Vicky Briant of the Australian Defence Signals Directorate receiving the award with White House Cyber Coordinator Howard Schmidt and SANS Director of Research Alan Paller, at the National Cybersecurity Innovation Conference in Washington, DC.
Washington DC, October 24, 2011
The SANS Institute announced today that the Australian Defence Signals Directorate has won the 2011 U.S. National Cybersecurity Innovation Award for its ground-breaking innovation in finding and implementing the four key security controls that stop the spread of infection from targeted intrusions.
With limited budgets and shortages of skilled people, senior executives are asking, "What do we need to do to protect our systems, and how much is enough?" Most answers they get are unhelpful, consisting of thick books of ill-defined controls that require far more money and time to implement than organizations can spend. A team at the Australian Defence Signals Directorate (DSD), led by Steve Mcleod and Chris Brookes, took on the task of studying all known targeted intrusions against government systems - both civilian and military - and determining what would have stopped the infections from spreading. They found that 35 controls would be valuable, but that four specific controls, alone, are the only ones that must be implemented across all Cabinet-level organizations if they are to have any hope of defending their systems against targeted intrusions The Australian DSD recognized that once those four have been implemented, additional risk reduction may be gained using additional controls, but those four must be done first. The National Cybersecurity Innovation Award for effective security management goes to DSD for showing the way and to Dr Ian Watt, in particular, for his extraordinary leadership as Australian Secretary of Defence, in advocating that all Cabinet agencies in Australia should implement the four controls (nicknamed the "sweet spot") and making sure they are doing it. The Australian Defence Signals Directorate supported the program first by identifying the 35 key mitigations for targeted intrusions and defining four of those as the ones that had to be implemented first before even considering the other thirty-one. They also developed and posted detailed explanations of the mitigations and provided expert support for the agencies as they systematically implemented all four key mitigations. In the agencies that have completed the task, the spread of targeted attacks is no longer a significant problem. Although these controls will not stop the most sophisticated attackers, they do stop the targeted attackers with medium and low sophistication, the ones that cause the greatest amount of information loss.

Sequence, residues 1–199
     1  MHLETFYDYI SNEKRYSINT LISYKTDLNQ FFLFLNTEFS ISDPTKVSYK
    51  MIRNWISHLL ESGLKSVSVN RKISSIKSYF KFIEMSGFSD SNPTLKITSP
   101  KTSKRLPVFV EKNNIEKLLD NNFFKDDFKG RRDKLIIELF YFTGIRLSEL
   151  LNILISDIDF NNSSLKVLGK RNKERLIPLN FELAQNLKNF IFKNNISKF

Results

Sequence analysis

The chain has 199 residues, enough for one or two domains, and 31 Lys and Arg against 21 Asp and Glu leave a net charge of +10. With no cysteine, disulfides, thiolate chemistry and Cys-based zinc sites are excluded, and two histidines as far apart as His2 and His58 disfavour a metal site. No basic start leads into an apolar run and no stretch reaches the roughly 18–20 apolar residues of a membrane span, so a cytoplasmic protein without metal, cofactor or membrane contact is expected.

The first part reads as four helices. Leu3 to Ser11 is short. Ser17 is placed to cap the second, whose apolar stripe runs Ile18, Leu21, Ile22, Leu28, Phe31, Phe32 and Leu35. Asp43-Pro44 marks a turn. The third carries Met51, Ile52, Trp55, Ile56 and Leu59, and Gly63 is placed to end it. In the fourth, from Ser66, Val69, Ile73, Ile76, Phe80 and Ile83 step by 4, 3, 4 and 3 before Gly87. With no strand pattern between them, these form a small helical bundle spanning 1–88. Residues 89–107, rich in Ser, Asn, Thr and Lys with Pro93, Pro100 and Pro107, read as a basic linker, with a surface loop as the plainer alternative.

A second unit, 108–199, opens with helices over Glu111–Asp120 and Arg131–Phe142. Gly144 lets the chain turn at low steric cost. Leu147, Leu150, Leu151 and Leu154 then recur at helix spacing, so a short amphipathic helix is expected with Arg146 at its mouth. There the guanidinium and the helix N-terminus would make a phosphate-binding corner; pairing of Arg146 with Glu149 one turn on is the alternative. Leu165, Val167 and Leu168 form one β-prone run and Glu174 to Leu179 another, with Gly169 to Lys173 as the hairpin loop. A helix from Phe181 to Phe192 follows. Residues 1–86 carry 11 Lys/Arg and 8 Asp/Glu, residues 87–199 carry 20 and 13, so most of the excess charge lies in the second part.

The cost of implementing these four controls is a tiny fraction of the cost of implementing the average U.S. federal government agency cybersecurity program. Since the impact of this low-cost approach is much better security than what U.S. agencies are experiencing, the Australian innovation changes the game.
The four controls as well as the remaining 31 and valuable supporting guidance are all posted at http://www.dsd.gov.au/infosec/top35mitigationstrategies.htm
The National Cybersecurity Innovation Awards recognize developments undertaken by companies and government agencies that have developed and deployed innovative processes or technologies that (1) is innovative in that it has not been deployed effectively before, (2) can show a significant impact on reducing cyber risk, (3) can be scaled quickly to serve large numbers of people, and (4) should be adopted quickly by many other organizations. Nominators for the include most of the senior government officials involved with cybersecurity as well as those from the major Cybersecurity Information Sharing and Analysis Centers (ISACs). Corporations and individuals, including SANS instructors also nominated innovations. Each nomination was tested by SANS research department against the criteria; those that met *all* four were recognized. More than 50 nominations were received; 14 were selected.
Established in 1989 as a cooperative research and education organization, SANS' programs reach more than 400,000 security professionals, auditors, system administrators, and network administrators who share the lessons they are learning and jointly find solutions to the challenges they face. At the heart of SANS are the many security practitioners in government agencies, corporations and universities around the world who invest hundreds of hours each year in research and teaching to help the entire information security community. (www.sans.org)